This, from the San Antonio Employment Law Blog, happens to hit precisely at a time when I’ve been thinking a lot and piercingly about depositions.
In fact, I’ve been reading a lot of deposition transcripts. Although I haven’t yet given you my very own dissertation on being deposed—but I have talked several times about how important it is that plaintiffs attend their defendant’s depositions—I’ve been doing a lot of prep work for depositions and then sitting through them.
So let me say that this short, punchy piece about Lady Gaga’s deposition as a defendant in a lawsuit offers a heap of lessons on What Not To Do and Say When You Are Deposed. And Why Not to, etc.
Of course, celebrities are special events, and they consider themselves special. But sorry all you famous people: you are not special in legal proceedings. You just have to follow the rules because, celebrity or not, you too can lose a lawsuit. Hard to figure what Lady Gaga and other celebrities are thinking in these situations. Aren’t they listening to their own lawyers? Do they imagine that they are in a performance before a judge or a jury? Well, they are, but it’s not the kind of performance that caters to their strengths as flamboyant performers.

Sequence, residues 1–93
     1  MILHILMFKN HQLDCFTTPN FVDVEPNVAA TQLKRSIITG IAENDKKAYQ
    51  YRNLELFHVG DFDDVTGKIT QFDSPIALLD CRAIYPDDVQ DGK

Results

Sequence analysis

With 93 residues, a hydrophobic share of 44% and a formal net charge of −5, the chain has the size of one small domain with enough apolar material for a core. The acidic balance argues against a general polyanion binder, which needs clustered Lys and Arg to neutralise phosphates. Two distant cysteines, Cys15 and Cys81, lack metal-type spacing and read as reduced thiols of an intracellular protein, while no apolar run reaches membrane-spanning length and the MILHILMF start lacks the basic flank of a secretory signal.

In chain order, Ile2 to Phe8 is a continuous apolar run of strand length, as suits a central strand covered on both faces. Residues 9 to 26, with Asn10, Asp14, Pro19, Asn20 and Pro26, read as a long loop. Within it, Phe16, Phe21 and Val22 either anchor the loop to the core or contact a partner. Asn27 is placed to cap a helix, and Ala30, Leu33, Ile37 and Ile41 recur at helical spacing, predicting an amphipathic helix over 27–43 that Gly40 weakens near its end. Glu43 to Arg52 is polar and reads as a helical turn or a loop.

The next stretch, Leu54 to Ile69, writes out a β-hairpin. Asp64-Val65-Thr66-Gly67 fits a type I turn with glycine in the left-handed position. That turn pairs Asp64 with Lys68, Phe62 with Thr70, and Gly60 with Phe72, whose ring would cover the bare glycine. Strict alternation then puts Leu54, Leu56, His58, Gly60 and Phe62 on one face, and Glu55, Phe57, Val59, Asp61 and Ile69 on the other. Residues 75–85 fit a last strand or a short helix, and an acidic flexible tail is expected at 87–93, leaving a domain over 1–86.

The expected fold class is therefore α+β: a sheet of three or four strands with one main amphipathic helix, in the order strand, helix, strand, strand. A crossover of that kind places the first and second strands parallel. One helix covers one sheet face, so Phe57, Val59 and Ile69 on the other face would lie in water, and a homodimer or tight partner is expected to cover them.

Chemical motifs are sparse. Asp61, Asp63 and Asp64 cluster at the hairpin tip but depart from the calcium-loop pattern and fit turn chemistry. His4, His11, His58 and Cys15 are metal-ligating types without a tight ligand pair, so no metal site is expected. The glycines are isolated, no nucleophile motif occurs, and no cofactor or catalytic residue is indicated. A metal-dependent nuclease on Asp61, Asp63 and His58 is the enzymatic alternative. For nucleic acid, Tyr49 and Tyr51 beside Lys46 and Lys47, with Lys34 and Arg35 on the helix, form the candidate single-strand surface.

Here’s one particularly emphatic paragraph:
In a deposition, the witness should always remember that everything said can and probably will end up in front of a judge and jury. It is easy to forget during a deposition that the real audience is the judge and jury, not the opposing party and her lawyer. These statements will likely haunt Lady Gaga during her lawsuit. And, if she cannot document her assistant’s time better than when “I need you,” she may well lose this lawsuit.
Thank you, San Antonio Employment Law Blog! You did good: Lady Gaga Not Happy During Her Deposition : San Antonio Employment Law Blog.